7) that doesn't mean you should use really, really small font squashed ridiculously closely together in order to keep to the two page limit. I'm not as young as I used to be and squinting gives me a headache.

8) Also, swapping fonts halfway through doesn't look interesting and modern, it just looks careless and confused.

9) Write your name at the top of page 1 and make it BIG. It'll ensure I get your name right if you do make it to interview.

Oh, and finally, do try and get my name right if we finally get to meet. Repeatedly calling me Janet when I've already corrected you probably isn't the best way to impress a potential employer.

It's not that hard, really... Good luck!

Saturday 22 March 2014

Two months in (selected) tweets

Right. This work lark ain't particularly conducive to blogging. Who knew? Still, as I do occasionally send out the odd random tweet, I thought I'd use this medium to bring you up to speed. I know, I know, it's cheating, but Mr Tin has been complaining that this is the only medium through which he finds out what I'm up to.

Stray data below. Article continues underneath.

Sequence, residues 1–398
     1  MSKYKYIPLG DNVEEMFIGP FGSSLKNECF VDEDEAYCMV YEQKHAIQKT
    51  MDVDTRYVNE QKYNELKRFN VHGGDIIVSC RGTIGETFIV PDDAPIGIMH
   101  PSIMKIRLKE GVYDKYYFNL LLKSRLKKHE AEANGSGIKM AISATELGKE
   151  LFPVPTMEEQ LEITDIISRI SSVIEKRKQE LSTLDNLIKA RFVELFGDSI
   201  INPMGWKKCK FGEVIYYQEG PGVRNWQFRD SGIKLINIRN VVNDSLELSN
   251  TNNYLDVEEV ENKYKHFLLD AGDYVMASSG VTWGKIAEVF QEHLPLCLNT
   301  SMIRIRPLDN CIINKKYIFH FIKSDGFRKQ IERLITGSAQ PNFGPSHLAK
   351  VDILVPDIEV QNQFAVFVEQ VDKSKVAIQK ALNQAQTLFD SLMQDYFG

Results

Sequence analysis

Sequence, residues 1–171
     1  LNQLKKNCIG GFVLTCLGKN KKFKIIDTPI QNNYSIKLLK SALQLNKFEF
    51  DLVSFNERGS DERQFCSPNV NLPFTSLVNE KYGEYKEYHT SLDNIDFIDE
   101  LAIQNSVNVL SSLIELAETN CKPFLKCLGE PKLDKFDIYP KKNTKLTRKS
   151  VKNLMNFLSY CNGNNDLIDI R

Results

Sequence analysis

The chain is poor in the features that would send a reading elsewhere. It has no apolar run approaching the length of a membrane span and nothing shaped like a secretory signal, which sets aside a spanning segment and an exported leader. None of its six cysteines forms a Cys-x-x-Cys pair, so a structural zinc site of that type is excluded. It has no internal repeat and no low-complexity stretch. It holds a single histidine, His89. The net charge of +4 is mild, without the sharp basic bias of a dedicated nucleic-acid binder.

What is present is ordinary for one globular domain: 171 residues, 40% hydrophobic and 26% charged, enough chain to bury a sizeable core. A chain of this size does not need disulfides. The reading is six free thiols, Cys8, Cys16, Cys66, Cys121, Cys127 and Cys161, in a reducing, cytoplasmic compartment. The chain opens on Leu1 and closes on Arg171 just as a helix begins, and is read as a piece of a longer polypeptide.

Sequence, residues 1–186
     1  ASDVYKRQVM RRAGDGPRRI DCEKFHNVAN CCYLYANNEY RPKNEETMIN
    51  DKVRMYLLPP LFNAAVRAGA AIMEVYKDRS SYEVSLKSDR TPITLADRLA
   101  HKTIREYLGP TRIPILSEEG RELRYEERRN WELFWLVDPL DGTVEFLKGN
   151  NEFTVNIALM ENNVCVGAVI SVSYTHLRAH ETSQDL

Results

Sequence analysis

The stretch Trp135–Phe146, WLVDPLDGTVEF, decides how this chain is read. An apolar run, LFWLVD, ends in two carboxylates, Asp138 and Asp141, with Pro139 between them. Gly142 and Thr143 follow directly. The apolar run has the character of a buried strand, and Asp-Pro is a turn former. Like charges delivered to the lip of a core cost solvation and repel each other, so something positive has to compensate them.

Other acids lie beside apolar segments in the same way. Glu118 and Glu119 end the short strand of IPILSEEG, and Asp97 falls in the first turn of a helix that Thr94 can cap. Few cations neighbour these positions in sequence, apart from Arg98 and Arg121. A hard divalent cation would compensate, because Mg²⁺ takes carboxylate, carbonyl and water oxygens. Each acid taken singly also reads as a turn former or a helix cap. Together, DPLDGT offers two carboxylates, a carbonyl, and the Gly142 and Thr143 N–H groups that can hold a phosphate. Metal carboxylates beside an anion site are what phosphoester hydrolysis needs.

First off, the usual new job jitters:

...then we have the early false sense of security and annoying smugness (pride comes before a fall, they say...):
Yeah. Jinxed it.
Still, it's good to see I've still got my priorities right:
By week 3, I'm starting to definitely feel more at home in the new job:
...and my colleagues' little foibles are as familiar as those of my family:

...whilst I soon find that work not only gets in the way of blogging, but also Twitter itself:
...and there are other annoyances to being back at work:

...such as those "novelty days" at my children's school:

...and the odd commute. "L'Enfer, c'est les autres"(*).

The thing is, I normally like food. A lot. But I guess I wasn't really feeling it. Who knew the humble pancake could cause such strife?

Things then went from bad to worse:

Do I really moan that much? I guess I do...

Yep. Still doing the rubbish mother bit:

...and the rubbish housewife bit.
Not forgetting the rubbish working woman bit:

So, all in all, no real change. Life is busy, and generally good, although reliable hot water would make it even better.


(*roughly translated as "Hell is other people", Jean-Paul Sartre)

Friday 24 January 2014

Things I'm going to miss when back at work